Class of 2024Collierville, Memphis
- "Epigenetics as a Determining Factor for Transgenerational Transmission of Trauma" with mentor Garrett (Oct. 2, 2023)
Epigenetics as a Determining Factor for Transgenerational Transmission of Trauma
Started Mar. 22, 2023
Abstract or project description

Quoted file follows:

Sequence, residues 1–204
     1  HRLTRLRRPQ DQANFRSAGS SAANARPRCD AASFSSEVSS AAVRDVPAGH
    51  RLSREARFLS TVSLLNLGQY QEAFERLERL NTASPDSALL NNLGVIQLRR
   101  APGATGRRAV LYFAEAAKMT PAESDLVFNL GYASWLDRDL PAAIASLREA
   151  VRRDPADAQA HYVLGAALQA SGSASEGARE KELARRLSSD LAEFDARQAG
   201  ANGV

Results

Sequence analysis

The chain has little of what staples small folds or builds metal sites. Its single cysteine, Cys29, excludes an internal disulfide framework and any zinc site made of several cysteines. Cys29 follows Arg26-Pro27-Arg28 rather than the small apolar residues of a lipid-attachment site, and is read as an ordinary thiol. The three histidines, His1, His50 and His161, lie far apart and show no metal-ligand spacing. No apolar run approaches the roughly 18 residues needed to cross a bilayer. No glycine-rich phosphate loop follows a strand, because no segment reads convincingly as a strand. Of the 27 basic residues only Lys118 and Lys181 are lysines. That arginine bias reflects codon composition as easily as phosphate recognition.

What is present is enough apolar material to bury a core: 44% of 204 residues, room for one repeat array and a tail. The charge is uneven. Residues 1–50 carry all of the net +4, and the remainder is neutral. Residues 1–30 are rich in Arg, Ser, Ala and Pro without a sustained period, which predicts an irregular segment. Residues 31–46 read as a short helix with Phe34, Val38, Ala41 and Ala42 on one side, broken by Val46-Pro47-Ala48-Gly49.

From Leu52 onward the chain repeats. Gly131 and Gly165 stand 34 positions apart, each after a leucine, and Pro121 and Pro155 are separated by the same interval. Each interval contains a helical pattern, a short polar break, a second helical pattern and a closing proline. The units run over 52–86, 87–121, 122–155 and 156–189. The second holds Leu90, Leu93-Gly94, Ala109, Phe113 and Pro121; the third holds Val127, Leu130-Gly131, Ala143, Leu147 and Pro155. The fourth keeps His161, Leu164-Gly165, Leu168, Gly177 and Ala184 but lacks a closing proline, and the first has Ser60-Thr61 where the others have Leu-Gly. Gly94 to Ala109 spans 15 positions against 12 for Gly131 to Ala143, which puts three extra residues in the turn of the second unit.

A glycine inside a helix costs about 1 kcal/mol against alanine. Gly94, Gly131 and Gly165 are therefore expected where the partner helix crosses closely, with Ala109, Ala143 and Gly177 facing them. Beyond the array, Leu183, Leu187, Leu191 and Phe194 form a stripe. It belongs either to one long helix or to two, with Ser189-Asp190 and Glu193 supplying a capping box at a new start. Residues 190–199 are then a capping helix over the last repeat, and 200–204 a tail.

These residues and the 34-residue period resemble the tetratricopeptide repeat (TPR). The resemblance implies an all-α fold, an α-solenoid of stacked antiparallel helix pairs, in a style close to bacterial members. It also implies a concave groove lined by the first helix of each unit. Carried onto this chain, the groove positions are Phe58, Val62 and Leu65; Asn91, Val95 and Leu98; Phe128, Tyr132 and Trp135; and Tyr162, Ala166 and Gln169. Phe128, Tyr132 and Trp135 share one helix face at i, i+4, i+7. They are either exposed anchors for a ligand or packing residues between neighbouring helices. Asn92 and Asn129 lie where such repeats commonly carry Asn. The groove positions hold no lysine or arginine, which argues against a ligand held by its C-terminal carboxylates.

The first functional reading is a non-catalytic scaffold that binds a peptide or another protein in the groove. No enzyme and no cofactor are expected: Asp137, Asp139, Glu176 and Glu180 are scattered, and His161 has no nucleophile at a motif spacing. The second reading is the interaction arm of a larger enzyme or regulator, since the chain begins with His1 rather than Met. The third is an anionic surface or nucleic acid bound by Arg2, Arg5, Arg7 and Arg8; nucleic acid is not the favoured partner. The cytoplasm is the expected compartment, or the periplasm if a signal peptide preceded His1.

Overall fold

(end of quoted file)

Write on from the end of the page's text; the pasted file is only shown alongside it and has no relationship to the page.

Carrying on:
Transgenerational transmission of trauma is a fascinating concept that involves the transmission of trauma through subsequent generations. Although initially discovered in 1966 by Canadian psychiatrist Vivian M. Rakoff, MD when he noticed the high rates of psychological distress in the children of holocaust survivors, there have been numerous articles and studies to explain this phenomenon. There have also been numerous attempts to reach a decisive conclusion and explain how such a phenomenon is possible. The same signs of distress were noticeable in the children of victims of the Dutch Famine, the collapse of the twin trade towers and other traumatic incidents. These studies all suggest that the offspring of the people that experienced such trauma were more likely to develop mental health disorders. More specifically, epigenetics is the field that allows us to further understand transmission of trauma. Epigenetics is the field that deals with modification of genomes. These modifications may be through DNA methylation or Histone Modification. DNA methylation involves the addition of a methyl base. This methylation usually occurs on CpG dinucleotides. Histone modification can be through the epigenetic modification on H3 and H4. This coating becomes a sort of memory on the cell. Ultimately all the cells carry this memory. This explains how trauma can be passed down from one generation to another without the next generation having to experience traumatic events.